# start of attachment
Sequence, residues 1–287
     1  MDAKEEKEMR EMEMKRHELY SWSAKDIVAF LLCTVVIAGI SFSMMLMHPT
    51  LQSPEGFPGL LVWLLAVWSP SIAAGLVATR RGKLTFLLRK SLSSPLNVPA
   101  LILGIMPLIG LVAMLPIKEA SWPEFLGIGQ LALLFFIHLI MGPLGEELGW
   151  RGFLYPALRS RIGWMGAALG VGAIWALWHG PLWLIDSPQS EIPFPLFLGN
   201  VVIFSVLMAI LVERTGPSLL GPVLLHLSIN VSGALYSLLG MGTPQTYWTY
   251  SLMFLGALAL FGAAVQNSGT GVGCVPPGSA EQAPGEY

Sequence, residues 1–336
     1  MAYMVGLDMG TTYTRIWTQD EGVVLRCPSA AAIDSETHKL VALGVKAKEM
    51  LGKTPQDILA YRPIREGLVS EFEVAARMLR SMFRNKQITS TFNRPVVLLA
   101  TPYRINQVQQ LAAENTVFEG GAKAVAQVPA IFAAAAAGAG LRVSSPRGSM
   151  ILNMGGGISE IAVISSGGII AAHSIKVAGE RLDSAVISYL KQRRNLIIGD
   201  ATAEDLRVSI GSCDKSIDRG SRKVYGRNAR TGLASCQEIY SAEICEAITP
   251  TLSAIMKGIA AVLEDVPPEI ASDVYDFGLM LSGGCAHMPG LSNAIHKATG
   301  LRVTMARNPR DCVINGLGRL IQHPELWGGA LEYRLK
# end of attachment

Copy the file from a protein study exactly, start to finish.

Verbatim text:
Sequence, residues 1–287
     1  MDAKEEKEMR EMEMKRHELY SWSAKDIVAF LLCTVVIAGI SFSMMLMHPT
    51  LQSPEGFPGL LVWLLAVWSP SIAAGLVATR RGKLTFLLRK SLSSPLNVPA
   101  LILGIMPLIG LVAMLPIKEA SWPEFLGIGQ LALLFFIHLI MGPLGEELGW
   151  RGFLYPALRS RIGWMGAALG VGAIWALWHG PLWLIDSPQS EIPFPLFLGN
   201  VVIFSVLMAI LVERTGPSLL GPVLLHLSIN VSGALYSLLG MGTPQTYWTY
   251  SLMFLGALAL FGAAVQNSGT GVGCVPPGSA EQAPGEY

Sequence, residues 1–336
     1  MAYMVGLDMG TTYTRIWTQD EGVVLRCPSA AAIDSETHKL VALGVKAKEM
    51  LGKTPQDILA YRPIREGLVS EFEVAARMLR SMFRNKQITS TFNRPVVLLA
   101  TPYRINQVQQ LAAENTVFEG GAKAVAQVPA IFAAAAAGAG LRVSSPRGSM
   151  ILNMGGGISE IAVISSGGII AAHSIKVAGE RLDSAVISYL KQRRNLIIGD
   201  ATAEDLRVSI GSCDKSIDRG SRKVYGRNAR TGLASCQEIY SAEICEAITP
   251  TLSAIMKGIA AVLEDVPPEI ASDVYDFGLM LSGGCAHMPG LSNAIHKATG
   301  LRVTMARNPR DCVINGLGRL IQHPELWGGA LEYRLK